• 79°

Gary Pearce: COVID-19 boosts Cooper’s re-election campaign

By Gary Pearce

Like many governors, Roy Cooper gets good poll ratings for handling the COVID-19 crisis. Unlike most other Governors, Cooper is running for re-election this year.

Polls on opposite ideological poles – Public Policy Polling on the left and Civitas on the right – say that North Carolinians strongly approve of Cooper’s performance. His numbers are much better than President Donald Trump’s.

The two polls agree that Cooper has opened up a big lead against Lt. Gov. Dan Forest in the Governor’s race: 50-36 in Public Policy Polling and 50-33 in Civitas.

Both polls also found little public support for the “ReopenNC” protests.

Public Policy Polling said last week that North Carolinians approve of Cooper’s handling of the crisis by a 62-22 margin. In contrast, only 46% approve of Trump’s performance, and 49% disapprove.

Public Policy Polling reported that governors in three other swing states also got good approve/disapprove ratings: 57-37 in Michigan, 59-29 in Pennsylvania and 53-37 in Wisconsin.

The Civitas poll, taken earlier in April, was better for Trump, but even better for Cooper. North Carolinians approved of Trump’s handling of the crisis by 57-40, but they approved of Cooper’s performance by 84-11.

On the reopening issue, Public Policy Polling said: “Only 19% of voters think social distancing measures should be relaxed, with 54% believing that the current policies are correct and 26% supporting more aggressive measures than the ones already in place.”

A national NBC News/Wall Street Journal poll found that 58% of Americans are more concerned about a premature reopening than about harm to the economy; 32% are more worried about the economy.

Republican pollster Bill McInturff, who helped conduct the poll, called the results a “powerful signal” that the country is not ready to reopen now.

Another poll, by Gallup, found that only 20% of Americans would immediately return to normal activity if restrictions were lifted; 71% would wait and see what happens.

As always, polls can change. Unlike a hurricane or ice storm, this crisis will last weeks and months. The virus could go away, or flare up again. The economy could recover quickly, or sink deeper.

For now, it looks like Governor Cooper’s response has increased his reelection prospects.

Crises often help governors politically. Governors can act, and they can command the cameras. Political news gets blocked out. People want politicians to work together on the problem, not fight with each other.

North Carolina has seen this movie before.

The first time was way back in 1955. Luther Hodges, elected lieutenant governor in 1952, had become governor when William B. Umstead died. Hodges was getting ready to run for a full term on his own when three hurricanes hit the state. Hodges donned rain gear and headed for the coast to survey damage. Hugh Morton (of Grandfather Mountain fame) took photos and shipped them to newspapers across the state. Hodges won election easily.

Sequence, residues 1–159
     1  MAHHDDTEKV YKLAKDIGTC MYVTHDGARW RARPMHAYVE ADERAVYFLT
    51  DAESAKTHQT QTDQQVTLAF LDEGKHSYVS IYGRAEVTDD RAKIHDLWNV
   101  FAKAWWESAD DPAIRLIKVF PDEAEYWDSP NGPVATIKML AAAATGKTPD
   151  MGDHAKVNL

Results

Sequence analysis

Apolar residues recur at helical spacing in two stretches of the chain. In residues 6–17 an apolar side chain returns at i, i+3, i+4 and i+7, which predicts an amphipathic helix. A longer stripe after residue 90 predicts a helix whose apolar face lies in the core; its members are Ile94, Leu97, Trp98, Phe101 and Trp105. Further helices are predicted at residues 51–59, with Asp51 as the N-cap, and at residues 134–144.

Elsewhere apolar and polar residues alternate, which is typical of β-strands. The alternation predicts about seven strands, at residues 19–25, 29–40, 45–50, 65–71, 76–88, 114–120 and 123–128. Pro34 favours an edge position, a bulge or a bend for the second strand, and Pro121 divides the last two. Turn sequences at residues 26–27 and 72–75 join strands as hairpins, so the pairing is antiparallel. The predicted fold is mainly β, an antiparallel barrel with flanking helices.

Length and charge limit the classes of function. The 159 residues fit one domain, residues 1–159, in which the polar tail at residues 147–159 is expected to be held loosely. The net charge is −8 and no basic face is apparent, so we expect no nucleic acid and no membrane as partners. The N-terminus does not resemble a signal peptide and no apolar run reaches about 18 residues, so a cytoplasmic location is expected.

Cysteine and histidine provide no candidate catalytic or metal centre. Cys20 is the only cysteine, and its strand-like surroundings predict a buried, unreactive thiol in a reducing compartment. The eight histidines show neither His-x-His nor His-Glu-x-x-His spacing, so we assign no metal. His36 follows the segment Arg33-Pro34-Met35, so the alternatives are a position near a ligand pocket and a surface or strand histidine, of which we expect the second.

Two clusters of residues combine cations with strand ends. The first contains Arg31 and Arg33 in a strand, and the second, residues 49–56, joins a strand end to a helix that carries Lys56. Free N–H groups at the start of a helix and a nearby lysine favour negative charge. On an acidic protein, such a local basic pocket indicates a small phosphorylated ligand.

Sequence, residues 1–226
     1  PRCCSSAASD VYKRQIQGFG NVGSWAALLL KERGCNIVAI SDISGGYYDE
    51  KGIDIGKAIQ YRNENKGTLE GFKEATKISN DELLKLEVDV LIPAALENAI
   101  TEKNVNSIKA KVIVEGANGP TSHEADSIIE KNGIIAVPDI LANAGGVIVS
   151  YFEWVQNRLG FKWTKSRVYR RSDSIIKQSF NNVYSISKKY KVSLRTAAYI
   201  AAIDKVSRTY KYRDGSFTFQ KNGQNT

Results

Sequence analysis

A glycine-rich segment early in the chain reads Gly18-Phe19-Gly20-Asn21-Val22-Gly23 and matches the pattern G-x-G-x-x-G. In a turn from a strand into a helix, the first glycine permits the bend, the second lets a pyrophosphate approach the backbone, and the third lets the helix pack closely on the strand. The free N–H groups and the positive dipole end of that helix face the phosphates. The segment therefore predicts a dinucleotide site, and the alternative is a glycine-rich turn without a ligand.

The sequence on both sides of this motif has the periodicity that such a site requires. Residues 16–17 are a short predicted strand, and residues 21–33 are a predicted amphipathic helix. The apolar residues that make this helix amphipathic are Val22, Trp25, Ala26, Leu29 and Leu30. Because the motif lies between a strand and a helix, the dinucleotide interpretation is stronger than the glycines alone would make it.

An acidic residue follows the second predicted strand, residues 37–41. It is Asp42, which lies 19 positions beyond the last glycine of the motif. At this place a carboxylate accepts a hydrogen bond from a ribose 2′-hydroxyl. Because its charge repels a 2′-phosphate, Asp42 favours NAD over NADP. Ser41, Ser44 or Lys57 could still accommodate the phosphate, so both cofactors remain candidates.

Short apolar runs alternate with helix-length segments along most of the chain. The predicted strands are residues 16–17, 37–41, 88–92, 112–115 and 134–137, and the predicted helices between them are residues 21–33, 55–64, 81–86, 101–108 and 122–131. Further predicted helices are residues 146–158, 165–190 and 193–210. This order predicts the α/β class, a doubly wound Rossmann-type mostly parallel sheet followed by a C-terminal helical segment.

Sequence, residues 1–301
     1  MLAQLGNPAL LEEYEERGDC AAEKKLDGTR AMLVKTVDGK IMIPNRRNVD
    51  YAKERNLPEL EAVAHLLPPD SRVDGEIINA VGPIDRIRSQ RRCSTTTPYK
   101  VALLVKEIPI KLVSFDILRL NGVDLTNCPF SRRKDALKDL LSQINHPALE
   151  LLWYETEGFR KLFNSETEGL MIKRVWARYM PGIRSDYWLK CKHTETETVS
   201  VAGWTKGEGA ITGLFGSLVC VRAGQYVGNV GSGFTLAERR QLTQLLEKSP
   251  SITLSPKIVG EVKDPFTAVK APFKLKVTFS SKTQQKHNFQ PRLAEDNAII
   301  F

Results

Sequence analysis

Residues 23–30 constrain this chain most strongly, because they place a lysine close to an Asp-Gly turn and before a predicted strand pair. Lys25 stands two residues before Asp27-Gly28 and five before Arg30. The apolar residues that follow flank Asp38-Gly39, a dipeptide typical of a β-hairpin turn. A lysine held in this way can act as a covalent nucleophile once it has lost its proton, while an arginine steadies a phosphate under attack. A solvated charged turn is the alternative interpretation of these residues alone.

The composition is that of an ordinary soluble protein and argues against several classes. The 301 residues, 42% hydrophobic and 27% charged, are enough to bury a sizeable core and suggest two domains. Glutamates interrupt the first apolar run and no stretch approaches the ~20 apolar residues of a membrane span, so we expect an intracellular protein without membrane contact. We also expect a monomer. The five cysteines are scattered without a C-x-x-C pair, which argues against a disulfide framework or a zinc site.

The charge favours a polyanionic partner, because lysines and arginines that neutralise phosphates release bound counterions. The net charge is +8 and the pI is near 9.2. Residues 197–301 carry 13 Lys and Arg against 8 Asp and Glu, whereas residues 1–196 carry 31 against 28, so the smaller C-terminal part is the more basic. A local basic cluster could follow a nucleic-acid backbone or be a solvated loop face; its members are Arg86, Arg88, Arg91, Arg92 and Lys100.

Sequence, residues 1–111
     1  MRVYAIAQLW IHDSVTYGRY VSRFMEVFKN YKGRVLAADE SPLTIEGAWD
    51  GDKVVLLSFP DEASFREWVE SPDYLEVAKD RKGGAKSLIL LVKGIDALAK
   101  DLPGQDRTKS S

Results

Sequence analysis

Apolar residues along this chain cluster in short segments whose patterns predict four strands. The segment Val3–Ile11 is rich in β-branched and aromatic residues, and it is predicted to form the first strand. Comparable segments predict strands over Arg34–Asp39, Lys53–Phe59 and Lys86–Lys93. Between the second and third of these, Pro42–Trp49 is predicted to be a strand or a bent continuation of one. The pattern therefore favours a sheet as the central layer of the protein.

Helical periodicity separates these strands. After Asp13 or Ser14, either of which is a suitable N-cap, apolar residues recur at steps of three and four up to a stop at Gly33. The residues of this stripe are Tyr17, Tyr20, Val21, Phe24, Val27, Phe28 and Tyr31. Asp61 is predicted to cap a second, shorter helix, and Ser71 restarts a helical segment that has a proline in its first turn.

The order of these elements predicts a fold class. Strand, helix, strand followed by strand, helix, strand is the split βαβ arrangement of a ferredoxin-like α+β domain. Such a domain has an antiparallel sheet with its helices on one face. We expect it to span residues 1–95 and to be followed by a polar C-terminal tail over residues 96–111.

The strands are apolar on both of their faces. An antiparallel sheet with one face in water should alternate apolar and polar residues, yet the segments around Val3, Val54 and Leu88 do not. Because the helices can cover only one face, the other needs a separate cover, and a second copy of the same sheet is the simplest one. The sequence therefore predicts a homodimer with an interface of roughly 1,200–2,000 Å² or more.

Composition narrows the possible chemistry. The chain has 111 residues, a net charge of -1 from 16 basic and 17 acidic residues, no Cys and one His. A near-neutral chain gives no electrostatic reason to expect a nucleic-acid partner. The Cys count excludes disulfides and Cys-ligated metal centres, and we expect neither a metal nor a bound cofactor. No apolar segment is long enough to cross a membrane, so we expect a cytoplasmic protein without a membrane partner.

In 1996, Governor Jim Hunt was running for his fourth term against then-state Rep. Robin Hayes. In early September, Hurricane Fran slammed the state. Suddenly, nobody cared about the campaign. Governor Hunt, always a take-charge executive, dominated the news for weeks. By October, the race was over.

In 2016, former Gov. Pat McCrory was trailing Cooper in the governor’s race. Then, Hurricane Matthew hit in October. Suddenly, McCrory was on TV and in command. He got a boost in polls, and he nearly beat Cooper.

McCrory’s admonition then is apt now: “Don’t put on your stupid hat.”

Gary Pearce is a former political consultant and adviser to Governor Jim Hunt. He blogs at NewDayforNC.com.



Summer baseball: Rowan County Seniors NC3 schedule


Greg Edds: Recommit to respect, common decency in Rowan County


Janitor shot at Bendix Drive hotel


New zip code in county sees COVID-19 cases with more than 300 new tests reported


‘I can’t breathe’: More than 100 protesters participate in downtown ‘lie-in’


Eight shootings in three days: Kannapolis Police ask for public’s help


Blotter: June 6


Michael Jordan giving $100 million for racial equality, justice


Demonstrators vow to sustain momentum until change happens


Gov. Cooper vetoes bill to let N.C. bars serve patrons again


Windows send a message: Fish Bowl writes names of police brutality victims on storefront


Missing Salisbury teen found in Atlanta with registered sex offender


Man charged with damaging Salisbury Post window arrested, charged


‘Message of unity’: Protesters dress in ‘Sunday best’ to honor George Floyd


Wallace Cancer Institute gets new linear accelerator


Charles Jeter: Still a Republican, no longer believe in president

China Grove

Blotter: China Grove man arrested on breaking and entering, felony drug charges


Cal Thomas: Unusual conversation between radio hosts


China Grove cancels Farmers Day because of COVID-19


Editorial: Continue to follow health guidelines on coronavirus


Sports briefs: Former West basketball player killed in accident


One additional new COVID-19 case in veterans home; average age of positive cases drops


Legislators aim to reopen gyms over governor’s order


SPD: Officers weren’t ordered to protect ‘Fame’